Relative distance perception of sound sources in critical listening environment via binaural reproduction

Georgiou, F 2012, Relative distance perception of sound sources in critical listening environment via binaural reproduction , MPhil thesis, University of Salford.

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Accurate distance cues are important in the degree of realism provided by virtual audio systems. In the last decade there has been an increased interest in this research area. The main focus of this research project is to investigate the effect of different acoustic cues related to distance perception, such as Direct to Reverberant ratio (D/R), in the perception of the relative distance between sound sources in a virtual medium sized critical listening room. The virtual sources were generated by convolving a dry speech signal with modelled and measured BRIRs. The BRIRs were modelled using a direction related image source model for the early reflections and exponentially decaying noise for the reverb tail. In order to investigate relative distance perception and the factors that affect it, a pairwise comparison was conducted involving twenty- three subjects. Three different distances ranging between 1.0m and 3.0m were used in the comparison pairs. The main outcomes from the tests are: 1) Modelled and measured BRIRs provide relative distance cues equally well; 2) Direct-to-reverberant ratio is a significant relative distance cue, even when level between virtual sources is normalized; 3) Adding level differences between the sources does not have a significant effect on the perception of relative distance. However, it reduced the precedence of wrong relative distance judgments by 5%-15%; 4) Manipulation of early reflection time of arrival (TOA) does not appear to be a significant cue in distance perception. These findings are important in the field of virtual reality and computer gaming because they show that the relative distance of a virtual source can be manipulated simply by adjusting the direct-to-reverberant ratio of the BRIRs. It can thus be concluded that large BRIR databases and interpolation between BRIRs at different distances are not required for appropriate distance cues.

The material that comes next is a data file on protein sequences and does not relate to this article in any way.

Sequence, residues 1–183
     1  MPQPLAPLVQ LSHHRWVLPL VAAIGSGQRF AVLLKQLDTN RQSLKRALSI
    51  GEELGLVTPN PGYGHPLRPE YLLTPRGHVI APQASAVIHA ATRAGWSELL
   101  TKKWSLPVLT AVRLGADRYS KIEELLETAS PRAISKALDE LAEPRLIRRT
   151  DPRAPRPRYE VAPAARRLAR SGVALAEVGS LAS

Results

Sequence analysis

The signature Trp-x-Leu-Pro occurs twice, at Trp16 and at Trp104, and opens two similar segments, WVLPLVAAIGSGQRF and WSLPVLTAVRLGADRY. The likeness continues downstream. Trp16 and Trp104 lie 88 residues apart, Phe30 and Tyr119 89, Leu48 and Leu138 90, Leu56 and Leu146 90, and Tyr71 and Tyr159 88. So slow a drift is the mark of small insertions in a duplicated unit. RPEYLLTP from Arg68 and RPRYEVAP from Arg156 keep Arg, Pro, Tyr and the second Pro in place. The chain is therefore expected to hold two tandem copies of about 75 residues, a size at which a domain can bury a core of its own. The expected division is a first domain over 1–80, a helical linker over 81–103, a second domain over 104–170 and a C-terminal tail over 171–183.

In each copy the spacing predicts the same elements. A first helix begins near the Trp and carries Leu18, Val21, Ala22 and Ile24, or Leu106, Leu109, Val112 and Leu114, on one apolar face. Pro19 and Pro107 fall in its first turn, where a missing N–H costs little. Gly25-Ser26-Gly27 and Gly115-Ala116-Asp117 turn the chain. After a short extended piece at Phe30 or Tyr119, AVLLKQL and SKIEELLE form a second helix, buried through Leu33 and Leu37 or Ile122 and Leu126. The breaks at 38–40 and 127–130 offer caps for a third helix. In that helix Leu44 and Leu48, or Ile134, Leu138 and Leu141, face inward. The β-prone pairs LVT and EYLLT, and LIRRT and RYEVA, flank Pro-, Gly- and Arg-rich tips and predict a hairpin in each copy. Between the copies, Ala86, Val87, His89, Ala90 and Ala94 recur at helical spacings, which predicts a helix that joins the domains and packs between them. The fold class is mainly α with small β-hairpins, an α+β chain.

Item Type: Thesis (MPhil)
Contributors: Fazenda, BM (Supervisor)
Schools: Schools > School of Computing, Science and Engineering > Salford Innovation Research Centre
Depositing User: BM Fazenda
Date Deposited: 02 Feb 2018 09:28
Last Modified: 27 Aug 2021 23:34

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